Coree Brown presents a round up of the latest external blogs of interest.
The University of Saint Andrews' Francesca Lacaita offers a view from abroad at the Social Europe Journal. Dr Lacaita notes that the Scottish referendum debate is a matter of concern for those outwith Scotland, and indeed the UK, as issues of democracy, representative government, and the maintenance of economic and social systems ‘constitute[s] the crux of questions that have to be dealt with at the European level if we are to relaunch the European federalist project on a sounder basis and give democracy in Europe a new lease of life’.
At Devolution Matters, Alan Trench discusses the recent flurry of referendum activity, with polls taking place on powers for Wales and the Alternative Vote System as well as the upcoming referendum in Scotland and a proposed vote on continued EU membership, drawing parallels between the two. He notes that the previous referendum were on largely technical issues while the upcoming contests ‘raise first-order constitutional questions’ and are triggering debates which are ‘largely based on conjecture about what the outcome might be, rather than realistic understandings of what can happen’.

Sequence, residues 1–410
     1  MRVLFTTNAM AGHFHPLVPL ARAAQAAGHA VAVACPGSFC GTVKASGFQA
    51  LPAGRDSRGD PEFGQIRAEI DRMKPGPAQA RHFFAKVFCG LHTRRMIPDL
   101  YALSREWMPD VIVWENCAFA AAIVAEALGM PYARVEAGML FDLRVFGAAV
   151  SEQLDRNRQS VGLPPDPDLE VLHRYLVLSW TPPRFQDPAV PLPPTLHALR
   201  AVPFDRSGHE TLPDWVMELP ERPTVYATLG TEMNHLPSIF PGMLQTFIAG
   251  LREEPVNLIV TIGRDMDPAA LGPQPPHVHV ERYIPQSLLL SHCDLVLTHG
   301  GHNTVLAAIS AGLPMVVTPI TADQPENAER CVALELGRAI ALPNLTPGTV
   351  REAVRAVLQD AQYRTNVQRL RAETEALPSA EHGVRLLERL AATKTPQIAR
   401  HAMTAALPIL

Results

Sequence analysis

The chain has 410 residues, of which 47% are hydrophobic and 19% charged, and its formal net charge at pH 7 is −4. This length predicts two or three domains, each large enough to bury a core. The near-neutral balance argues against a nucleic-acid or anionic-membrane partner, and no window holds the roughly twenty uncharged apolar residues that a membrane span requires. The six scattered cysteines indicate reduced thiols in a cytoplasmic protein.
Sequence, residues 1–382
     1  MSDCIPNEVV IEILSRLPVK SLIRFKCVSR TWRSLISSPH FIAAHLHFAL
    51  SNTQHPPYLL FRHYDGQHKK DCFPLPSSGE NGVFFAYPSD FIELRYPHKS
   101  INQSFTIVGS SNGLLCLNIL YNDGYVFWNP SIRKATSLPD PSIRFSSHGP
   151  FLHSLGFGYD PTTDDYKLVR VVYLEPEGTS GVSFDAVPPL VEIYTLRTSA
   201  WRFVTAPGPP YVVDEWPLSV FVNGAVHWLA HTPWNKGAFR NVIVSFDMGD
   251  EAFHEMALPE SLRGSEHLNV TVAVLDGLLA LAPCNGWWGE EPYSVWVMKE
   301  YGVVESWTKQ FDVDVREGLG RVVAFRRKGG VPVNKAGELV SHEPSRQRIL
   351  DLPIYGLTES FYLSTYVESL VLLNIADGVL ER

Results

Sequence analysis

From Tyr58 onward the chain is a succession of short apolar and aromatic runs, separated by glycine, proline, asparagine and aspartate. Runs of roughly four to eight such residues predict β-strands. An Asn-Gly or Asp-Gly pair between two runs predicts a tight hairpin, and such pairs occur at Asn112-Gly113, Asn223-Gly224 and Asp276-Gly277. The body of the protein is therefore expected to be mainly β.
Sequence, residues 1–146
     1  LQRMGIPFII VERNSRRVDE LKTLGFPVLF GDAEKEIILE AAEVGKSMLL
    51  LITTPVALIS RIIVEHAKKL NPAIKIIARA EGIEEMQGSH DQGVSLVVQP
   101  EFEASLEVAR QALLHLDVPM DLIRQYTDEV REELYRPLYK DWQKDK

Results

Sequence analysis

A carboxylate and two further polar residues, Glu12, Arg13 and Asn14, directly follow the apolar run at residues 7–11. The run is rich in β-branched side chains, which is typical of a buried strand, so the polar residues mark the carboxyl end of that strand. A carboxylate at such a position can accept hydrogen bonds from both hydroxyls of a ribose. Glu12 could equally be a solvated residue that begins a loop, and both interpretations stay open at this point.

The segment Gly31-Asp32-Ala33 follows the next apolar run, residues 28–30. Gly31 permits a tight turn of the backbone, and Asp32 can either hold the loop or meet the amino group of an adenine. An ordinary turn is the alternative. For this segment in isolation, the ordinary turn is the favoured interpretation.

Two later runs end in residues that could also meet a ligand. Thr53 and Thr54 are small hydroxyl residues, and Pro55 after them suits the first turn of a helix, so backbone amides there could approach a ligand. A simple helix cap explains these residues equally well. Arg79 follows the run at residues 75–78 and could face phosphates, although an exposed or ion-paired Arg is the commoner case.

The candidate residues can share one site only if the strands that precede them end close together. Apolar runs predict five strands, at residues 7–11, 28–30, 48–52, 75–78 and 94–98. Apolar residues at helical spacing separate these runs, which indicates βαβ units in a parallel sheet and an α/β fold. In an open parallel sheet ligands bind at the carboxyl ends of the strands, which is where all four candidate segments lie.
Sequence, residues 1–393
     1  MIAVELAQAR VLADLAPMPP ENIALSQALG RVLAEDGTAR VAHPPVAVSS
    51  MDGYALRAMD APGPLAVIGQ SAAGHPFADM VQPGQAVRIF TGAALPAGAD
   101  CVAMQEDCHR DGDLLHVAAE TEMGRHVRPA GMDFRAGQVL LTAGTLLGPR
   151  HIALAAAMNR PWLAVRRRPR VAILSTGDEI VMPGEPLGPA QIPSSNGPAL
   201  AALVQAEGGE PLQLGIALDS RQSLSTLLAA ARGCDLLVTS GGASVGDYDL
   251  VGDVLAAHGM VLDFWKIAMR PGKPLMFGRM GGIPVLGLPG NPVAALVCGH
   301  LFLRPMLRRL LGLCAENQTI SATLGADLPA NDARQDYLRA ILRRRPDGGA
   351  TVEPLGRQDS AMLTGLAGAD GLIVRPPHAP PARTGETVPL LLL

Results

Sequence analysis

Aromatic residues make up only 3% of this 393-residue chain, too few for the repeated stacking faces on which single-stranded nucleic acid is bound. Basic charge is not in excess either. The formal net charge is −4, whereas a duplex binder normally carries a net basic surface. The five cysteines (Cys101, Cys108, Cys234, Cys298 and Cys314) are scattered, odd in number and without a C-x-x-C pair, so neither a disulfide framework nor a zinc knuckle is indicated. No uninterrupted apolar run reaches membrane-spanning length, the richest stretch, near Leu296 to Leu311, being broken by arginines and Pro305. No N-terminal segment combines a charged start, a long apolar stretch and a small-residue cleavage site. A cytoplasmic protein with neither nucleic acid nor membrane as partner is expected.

Writing at the Economics of Constitutional Change, David Bell, David Comerford and David Eiser address the role of social justice and inequality play in Scotland’s constitutional future. They examine the policy levers that an independent Scotland would possess and calculate the impact of the use of these mechanisms on household incomes.
At What Scotland Thinks, John Curtice reflects on the role that ‘Devo-Maxers’ could play in the results of the referendum. Those in favour of Devo Max options could influence the referendum results, swinging towards yes or no depending on their understanding of whether a no vote would result in further powers accorded to the Scottish Parliament.
Speaking at the Wales Governance Centre, Carwyn Jones, First Minister for Wales, addresses implication of the Scottish referendum for Wales’ constitutional futures. In the speech published at Click on Wales, Mr Jones argues for a reformed union.